New Study Says U.S. Military Loses 4,000 Troops Per Year Due to ’Don’t Ask, Don’t Tell’
A new research brief from the Williams Institute on Sexual Orientation Law and Public Policy points out that an estimated 4,000 lesbian, gay and bisexual military personnel have been lost each year because of the U.S. military’s "Don’t Ask, Don’t Tell" policy.
The analysis shows that had the "Don’t Ask Don’t Tell" policy not been instituted in 1994, an estimated 4,000 lesbian, gay and bisexual military personnel would have been retained each year. Of that group, an average of 1,000 men and women were discharged each year as a direct result of the policy and 3,000 would likely stay in the military if they could serve openly.
The military intends to add more than 18,000 new troops each year for the next five years. If patterns observed in 2004 were to continue for the next five years, the estimated retained LGB personnel would account for nearly one in six of the additional troops required.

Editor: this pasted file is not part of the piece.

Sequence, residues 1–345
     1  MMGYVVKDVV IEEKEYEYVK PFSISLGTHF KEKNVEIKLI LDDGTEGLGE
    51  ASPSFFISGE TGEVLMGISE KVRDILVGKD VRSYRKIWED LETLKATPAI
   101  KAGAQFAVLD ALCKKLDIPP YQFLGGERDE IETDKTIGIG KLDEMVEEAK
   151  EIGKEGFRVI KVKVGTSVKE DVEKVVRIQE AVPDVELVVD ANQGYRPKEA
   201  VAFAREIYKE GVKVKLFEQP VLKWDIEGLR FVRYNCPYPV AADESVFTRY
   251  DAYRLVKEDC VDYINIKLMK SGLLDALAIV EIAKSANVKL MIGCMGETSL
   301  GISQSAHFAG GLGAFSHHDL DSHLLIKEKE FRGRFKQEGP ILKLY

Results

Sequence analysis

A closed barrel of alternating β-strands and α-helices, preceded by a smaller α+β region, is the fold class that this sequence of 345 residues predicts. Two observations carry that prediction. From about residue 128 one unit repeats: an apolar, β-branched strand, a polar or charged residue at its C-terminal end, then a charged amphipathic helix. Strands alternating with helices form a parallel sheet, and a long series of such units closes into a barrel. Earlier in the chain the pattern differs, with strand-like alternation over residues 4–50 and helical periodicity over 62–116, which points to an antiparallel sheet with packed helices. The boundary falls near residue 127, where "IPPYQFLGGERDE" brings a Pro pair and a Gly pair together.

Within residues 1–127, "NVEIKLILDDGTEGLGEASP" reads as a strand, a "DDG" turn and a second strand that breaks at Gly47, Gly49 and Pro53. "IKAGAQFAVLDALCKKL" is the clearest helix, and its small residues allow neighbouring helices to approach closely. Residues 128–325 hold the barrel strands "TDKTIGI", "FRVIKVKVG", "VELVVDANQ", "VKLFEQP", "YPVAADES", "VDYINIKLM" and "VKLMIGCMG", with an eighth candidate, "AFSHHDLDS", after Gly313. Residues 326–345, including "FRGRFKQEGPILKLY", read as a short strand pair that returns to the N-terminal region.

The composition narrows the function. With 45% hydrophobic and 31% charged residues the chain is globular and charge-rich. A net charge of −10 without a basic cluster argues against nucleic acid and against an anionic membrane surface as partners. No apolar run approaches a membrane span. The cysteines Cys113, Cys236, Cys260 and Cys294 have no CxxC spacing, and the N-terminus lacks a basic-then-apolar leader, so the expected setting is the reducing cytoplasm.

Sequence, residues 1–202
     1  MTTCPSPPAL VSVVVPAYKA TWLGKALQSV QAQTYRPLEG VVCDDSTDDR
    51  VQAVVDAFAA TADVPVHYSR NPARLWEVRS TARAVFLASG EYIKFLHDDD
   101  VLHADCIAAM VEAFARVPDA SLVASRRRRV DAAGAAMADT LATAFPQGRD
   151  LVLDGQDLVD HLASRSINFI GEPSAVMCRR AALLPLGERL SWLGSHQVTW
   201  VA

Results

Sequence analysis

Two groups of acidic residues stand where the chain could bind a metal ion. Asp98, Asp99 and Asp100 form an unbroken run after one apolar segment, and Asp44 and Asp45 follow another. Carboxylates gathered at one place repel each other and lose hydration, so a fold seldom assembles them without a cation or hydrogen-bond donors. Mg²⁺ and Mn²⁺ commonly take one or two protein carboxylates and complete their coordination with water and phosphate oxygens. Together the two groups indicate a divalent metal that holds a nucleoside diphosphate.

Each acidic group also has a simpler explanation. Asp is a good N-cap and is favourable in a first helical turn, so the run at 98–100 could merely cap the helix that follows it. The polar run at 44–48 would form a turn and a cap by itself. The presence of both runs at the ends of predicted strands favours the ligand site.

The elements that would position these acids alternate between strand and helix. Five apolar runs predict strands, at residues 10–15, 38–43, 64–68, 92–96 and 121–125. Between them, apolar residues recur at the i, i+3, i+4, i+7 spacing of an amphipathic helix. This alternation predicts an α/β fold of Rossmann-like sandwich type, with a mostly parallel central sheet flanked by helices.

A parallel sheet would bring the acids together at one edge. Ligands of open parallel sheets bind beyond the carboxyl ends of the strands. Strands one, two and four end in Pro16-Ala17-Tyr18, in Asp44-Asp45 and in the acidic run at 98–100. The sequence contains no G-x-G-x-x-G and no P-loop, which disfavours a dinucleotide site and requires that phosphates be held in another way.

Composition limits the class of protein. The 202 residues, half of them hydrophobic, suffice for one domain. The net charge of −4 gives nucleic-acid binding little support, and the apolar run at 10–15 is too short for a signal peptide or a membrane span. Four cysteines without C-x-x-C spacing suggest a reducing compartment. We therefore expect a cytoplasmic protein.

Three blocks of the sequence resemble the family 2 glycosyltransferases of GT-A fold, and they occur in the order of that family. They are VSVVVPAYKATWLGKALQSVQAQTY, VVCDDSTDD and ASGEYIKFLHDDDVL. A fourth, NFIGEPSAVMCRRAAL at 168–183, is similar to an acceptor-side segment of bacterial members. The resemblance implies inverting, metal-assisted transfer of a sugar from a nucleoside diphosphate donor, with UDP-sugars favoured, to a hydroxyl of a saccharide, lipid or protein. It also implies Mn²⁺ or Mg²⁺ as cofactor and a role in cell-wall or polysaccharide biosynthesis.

"If the military needs more troops, it makes more sense to keep the estimated 65,000 well-trained and seasoned lesbian, gay and bisexual soldiers they already have instead of lowering standards to recruit convicted felons, as a recent report from the Michael D. Palm Center shows they have been doing," study author Gary J. Gates said in a release. "Allowing lesbians, gay men, and bisexuals to serve openly could go a long way to meeting the President’s directive to add 92,000 troops in five years."
For more information on this study, go to www.law.ucla.edu/williamsinstitute